A few years later (we’re thinking maybe 2008 but we’re getting old and our memories are fading!!!), hubby spotted an advert in the local paper for a creative writing course run by GP Taylor himself so I was straight on the phone to book my place and absolutely bursting with excitement.
There were about 25 on the five-week course, representing a huge mix of ages and genres. I remember going round the room doing some intros on that first session and being really disappointed that I was the only romance writer in the room. I’d hoped to find someone with similar interests and it looked like none of my fellow-attendees were interested in chick-lit. Yet it turned out that one person in the room was very interested: GP Taylor himself! He told me he’d teamed up with his assistant, Clare Connor, and was writing a chick-lit book. He was reading ‘Sushi for Beginners’ by Marian Keyes as research – a book I’d read myself – so we often chatted about this during workshops.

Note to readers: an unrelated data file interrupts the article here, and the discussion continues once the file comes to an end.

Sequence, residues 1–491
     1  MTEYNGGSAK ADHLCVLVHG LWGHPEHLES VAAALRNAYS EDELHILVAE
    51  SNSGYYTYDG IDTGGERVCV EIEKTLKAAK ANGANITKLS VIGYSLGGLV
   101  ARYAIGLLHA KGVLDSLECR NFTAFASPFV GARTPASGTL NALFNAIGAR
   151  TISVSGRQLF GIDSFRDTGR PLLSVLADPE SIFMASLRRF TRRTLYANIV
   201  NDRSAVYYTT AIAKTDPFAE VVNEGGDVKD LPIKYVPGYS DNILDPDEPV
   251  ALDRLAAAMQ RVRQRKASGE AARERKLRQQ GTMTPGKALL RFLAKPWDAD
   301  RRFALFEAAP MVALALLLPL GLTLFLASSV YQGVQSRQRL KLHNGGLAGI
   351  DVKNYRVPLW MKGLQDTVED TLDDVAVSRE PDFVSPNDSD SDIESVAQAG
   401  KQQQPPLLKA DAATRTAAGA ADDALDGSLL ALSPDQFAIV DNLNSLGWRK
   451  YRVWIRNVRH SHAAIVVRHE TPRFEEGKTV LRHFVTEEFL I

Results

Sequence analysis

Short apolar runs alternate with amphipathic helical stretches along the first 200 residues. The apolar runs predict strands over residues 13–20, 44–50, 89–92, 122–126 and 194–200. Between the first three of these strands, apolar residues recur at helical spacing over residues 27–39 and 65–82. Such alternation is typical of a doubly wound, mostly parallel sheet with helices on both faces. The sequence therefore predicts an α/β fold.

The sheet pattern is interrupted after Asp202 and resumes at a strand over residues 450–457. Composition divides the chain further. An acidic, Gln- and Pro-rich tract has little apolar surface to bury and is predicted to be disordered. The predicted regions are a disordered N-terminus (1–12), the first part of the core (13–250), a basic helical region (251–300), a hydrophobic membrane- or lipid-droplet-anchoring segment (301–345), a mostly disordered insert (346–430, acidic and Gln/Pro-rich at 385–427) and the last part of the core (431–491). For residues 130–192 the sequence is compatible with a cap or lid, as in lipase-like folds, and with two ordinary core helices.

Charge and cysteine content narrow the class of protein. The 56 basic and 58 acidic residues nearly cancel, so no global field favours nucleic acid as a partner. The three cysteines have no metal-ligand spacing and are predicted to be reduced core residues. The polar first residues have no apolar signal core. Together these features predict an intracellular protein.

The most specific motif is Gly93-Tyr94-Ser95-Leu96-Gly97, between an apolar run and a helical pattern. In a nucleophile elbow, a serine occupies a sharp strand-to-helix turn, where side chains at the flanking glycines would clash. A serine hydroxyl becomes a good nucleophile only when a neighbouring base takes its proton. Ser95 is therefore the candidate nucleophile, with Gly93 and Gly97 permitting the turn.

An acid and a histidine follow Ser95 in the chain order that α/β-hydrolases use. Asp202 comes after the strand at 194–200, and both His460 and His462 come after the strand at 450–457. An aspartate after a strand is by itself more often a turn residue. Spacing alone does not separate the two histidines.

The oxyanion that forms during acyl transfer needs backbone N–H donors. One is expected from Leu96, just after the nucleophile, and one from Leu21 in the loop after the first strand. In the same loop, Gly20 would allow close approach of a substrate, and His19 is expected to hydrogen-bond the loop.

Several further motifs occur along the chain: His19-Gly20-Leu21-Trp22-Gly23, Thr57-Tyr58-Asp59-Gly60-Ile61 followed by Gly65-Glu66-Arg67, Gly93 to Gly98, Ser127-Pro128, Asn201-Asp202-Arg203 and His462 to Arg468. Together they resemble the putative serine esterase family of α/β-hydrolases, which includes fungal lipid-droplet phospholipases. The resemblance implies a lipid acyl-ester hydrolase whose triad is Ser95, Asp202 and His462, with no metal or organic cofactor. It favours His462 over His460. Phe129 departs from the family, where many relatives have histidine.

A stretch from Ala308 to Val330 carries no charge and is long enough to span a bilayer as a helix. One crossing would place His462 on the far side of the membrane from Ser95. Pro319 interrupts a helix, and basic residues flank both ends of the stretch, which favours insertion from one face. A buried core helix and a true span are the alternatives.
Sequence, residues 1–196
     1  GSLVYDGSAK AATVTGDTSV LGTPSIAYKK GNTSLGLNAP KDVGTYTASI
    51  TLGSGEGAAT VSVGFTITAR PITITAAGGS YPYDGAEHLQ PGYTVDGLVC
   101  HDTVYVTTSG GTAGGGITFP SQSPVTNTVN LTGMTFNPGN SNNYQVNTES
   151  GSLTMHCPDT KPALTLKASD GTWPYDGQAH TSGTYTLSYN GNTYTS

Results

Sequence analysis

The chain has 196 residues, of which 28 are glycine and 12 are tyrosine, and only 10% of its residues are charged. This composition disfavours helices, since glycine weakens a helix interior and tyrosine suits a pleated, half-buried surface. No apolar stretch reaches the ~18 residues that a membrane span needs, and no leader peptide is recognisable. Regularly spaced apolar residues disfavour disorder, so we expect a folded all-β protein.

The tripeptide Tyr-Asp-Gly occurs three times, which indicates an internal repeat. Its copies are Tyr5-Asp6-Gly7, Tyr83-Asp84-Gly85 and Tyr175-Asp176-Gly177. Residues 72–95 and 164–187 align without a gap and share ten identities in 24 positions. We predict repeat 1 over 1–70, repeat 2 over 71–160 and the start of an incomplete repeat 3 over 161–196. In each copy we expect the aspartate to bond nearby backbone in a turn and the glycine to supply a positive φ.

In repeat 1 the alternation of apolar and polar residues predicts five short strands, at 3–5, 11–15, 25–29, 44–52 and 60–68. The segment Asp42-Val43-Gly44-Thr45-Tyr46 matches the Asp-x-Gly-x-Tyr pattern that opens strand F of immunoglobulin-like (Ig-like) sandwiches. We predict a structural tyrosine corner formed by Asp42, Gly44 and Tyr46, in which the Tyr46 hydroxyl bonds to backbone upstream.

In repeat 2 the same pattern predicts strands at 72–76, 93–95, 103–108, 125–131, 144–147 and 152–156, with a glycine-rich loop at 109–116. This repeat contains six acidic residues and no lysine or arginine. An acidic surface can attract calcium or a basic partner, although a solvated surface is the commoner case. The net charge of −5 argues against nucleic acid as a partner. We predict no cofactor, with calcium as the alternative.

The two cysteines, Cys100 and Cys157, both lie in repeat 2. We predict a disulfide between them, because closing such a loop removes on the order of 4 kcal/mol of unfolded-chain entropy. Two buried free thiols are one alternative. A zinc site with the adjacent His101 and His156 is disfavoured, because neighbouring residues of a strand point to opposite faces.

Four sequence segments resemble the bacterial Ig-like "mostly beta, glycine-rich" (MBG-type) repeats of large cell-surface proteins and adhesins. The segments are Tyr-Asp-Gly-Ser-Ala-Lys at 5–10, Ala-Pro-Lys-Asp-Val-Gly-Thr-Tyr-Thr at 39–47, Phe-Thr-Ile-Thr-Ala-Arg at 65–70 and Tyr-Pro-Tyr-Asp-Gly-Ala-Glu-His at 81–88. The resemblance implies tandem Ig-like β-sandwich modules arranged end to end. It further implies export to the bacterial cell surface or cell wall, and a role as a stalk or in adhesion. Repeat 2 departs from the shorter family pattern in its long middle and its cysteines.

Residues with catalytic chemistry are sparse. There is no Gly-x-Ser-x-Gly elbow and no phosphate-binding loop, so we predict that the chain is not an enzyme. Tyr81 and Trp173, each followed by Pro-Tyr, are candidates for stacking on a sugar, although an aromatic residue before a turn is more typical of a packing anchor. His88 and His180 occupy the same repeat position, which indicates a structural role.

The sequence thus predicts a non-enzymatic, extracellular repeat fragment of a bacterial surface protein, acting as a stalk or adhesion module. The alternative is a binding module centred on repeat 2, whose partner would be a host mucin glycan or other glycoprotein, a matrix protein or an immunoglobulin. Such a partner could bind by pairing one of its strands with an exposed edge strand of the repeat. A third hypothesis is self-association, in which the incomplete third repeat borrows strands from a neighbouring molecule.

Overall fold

GP Taylor explained that his rationale for running the course was that he suspected there was a lot of undiscovered talent on the North Yorkshire Coast and he’d love to help develop some of that talent. Great reason. I hoped I’d fall into that category of ‘talent.’
The sessions were a good mix of information and interaction. Graham also set us homework tasks. He started by giving us a pencil drawing he’d found online and asked us to select one of the women then characterise her. He left it up to us how we’d do this. We handed these in and got them back next week. Graham was impressed with mine although he joked it came across a lot like a CV. I was working in recruitment at the time and couldn’t help myself!